The bionic SRU test message occurred because I accidentally uploaded the
package with the entire old history.  This bug has already been fixed
and the verification for bionic can be ignored.

** No longer affects: thermald (Ubuntu Bionic)

** Tags removed: verification-needed verification-needed-bionic
** Tags added: verification-done

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  Thermald is totally broken, or its default configuration is

Status in thermald package in Ubuntu:
  Fix Released

Bug description:
  ** WORKAROUND**: shut down the thermald process completely. If your
  computer has an actual physical cooling fan and it's fully functional,
  you don't need thermald at all.

  I have Ubuntu 15.10 up to date with automatic updates and I never touched 
thermald configuration.
  This is on a laptop, which has an actual physical cooling fan (like most 

  as the CPU temperature increases, the fan should spin faster to keep the 
temperature from getting too high. ONLY IF, even with the fan at its full 
capacity, or approaching it, the temperature keeps growing, THEN that's when 
powerclamp and things like that should trigger, throttling the CPU, so that it 
doesn't burn (or shut down abruptly). Also, these kinds of CPU throttling 
should come in gradually as needed. That is, if you inject idle processes, you 
should inject just the minimum amount that is needed. For example, if the fan 
at its maximum speed is *almost* enough to keep the temperature below the 
threshold, but not *quite* enough, injecting just a small amount of idle time 
into the CPU should be enough to do that extra bit of cooling that is needed. 
You would barely notice it. It would not slow your system down a lot, unless 
the heating is *way* higher than the fan alone can fight.

  On a fully functional system (where the fan is enough to prevent the
  CPU from overheating and/or excessive CPU consumption does not occur
  in a huge degree for a long time), you shouldn't note any difference
  by shutting down thermald completely. Only on a system where the fan
  is not fully functional and/or hugely excessive CPU usage goes on for
  too long (actually, if the latter alone is enough to make it happen,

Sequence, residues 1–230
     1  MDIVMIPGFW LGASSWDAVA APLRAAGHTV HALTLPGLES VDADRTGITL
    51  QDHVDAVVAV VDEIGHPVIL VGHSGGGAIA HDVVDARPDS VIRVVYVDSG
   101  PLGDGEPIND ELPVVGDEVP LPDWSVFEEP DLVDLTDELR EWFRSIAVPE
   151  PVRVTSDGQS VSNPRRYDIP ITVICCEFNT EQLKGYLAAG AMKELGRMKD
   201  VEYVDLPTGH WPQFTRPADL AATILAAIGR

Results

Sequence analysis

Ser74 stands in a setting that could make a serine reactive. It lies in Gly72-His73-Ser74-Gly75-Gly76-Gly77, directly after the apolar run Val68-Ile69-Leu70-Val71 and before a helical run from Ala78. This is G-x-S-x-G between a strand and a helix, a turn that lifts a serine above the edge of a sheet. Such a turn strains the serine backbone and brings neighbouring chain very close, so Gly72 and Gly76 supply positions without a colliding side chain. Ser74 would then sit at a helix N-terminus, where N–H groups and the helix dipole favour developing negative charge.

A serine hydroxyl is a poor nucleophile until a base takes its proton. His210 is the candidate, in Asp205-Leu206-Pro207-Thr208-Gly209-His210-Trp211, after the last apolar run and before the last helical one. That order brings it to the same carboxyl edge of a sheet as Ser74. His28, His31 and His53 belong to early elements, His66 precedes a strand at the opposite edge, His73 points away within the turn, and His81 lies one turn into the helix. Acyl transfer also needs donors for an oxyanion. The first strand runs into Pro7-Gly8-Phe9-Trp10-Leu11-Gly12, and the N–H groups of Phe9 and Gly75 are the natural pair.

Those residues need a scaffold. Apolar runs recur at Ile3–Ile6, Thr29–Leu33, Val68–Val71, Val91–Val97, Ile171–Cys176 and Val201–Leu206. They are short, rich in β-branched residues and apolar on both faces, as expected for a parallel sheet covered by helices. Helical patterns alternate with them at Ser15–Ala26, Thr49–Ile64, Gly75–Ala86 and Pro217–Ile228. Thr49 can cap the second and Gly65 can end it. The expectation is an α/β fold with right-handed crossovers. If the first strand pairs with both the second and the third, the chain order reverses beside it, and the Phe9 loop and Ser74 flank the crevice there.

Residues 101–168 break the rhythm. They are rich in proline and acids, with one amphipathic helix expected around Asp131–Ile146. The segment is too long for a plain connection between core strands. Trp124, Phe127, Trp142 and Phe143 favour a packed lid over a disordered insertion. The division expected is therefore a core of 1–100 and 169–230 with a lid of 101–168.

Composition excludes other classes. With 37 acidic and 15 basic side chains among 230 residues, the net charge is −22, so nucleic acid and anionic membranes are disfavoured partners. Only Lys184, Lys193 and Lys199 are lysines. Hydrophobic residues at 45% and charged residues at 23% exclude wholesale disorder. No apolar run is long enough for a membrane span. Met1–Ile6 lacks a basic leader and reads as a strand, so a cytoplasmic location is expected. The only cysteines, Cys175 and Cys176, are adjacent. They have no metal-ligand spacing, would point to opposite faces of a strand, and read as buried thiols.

it means that the fan is underdimensioned) would you notice the
  difference between having thermald (powerclamp and other CPU
  throttling mechanisms would kick in and prevent the temperature from
  becoming critical) and not having it (temperature would eventually go
  critical and something bad would happen, such as a sudden shutdown)

  When CPU temperature becomes high due to relatively high (not huge) CPU 
consumption, intel_powerclamp starts to kick in injecting idle processes and 
crippling the whole system. The observable result is that the system becomes 
unresponsive and unusable, yet the physical fan is sponning at roughly HALF of 
its maximum speed. So, you have a fast quad core machine, with a cooling fan 
that is perfectly capable of keeping the temperature down while using all the 
computing power that you require, BUT since powerclamp and things like that 
kick in too soon, you are limited to use a tiny fraction of the power your 
machine is capable of.
  To put it another way: you can't watch a f***ing youtube video in full screen 
because the whole system will become unresponsive.
  Even after removing and blacklisting the intel_powerclamp and intel_rapl 
kernel modules, the apparent behavior was practically the same, except that I 
wouldn't observe the "kidle_inject" processes by running "top". I guess there 
are other CPU-throttling mechanisms besides powerclamp and rapl.

  So now I have SHUT DOWN THERMALD completely, and my system behaves
  NORMALLY. The fan, of course, reaches higher speeds. Not even _much_
  higher, which means that it needed just a little bit more speed to
  keep up with the heating. Powerclamp and other cpu throttling
  mechanisms were kicking in WAY too soon.

  It took me quite a long time to figure out that this was the problem.
  I just assumed that some bug was causing excessive CPU consumption for
  trivial stuff such as playing video (which is actually true but is not
  the whole story) and that the CPU consumption actually was causing too
  much heat for the fan to dissipate, making it necessary for powerclamp
  to kick in. Also, I thought my fan was probably filled with dust and
  uncapable of doing its job efficiently (which is also true but is not
  the whole story).

  Until I realised that when I was observing unresponsiveness, the fan
  was not even close to its maximum speed.

  CONCLUSION: either thermald does a ridiculously bad job, or its
  default configuration is ridiculously bad.

  NOTE: this issue is **CRITICAL**: this cripples the whole system making it 
unresponsive when doing moderately heavy work (which the system would otherwise 
be perfectly capable of handling without overheating).
  Most non-geek users don't even know what thermald is and will never find out 
that they can work around the problem by shutting it down, let alone fix its 
configuration. So, for most users, this "renders the system temporarily or 
permanently unusable", which is one of the criteria for critical importance.

  ProblemType: Bug
  DistroRelease: Ubuntu 15.10
  Package: thermald 1.4.3-5ubuntu2
  ProcVersionSignature: Ubuntu 4.2.0-41.48-generic 4.2.8-ckt11
  Uname: Linux 4.2.0-41-generic x86_64
  NonfreeKernelModules: nvidia
  ApportVersion: 2.19.1-0ubuntu5
  Architecture: amd64
  CurrentDesktop: Unity
  Date: Sun Jul 10 14:03:56 2016
  InstallationDate: Installed on 2013-10-11 (1002 days ago)
  InstallationMedia: Ubuntu 13.04 "Raring Ringtail" - Release amd64 (20130424)
  SourcePackage: thermald
  UpgradeStatus: Upgraded to wily on 2016-01-18 (174 days ago)

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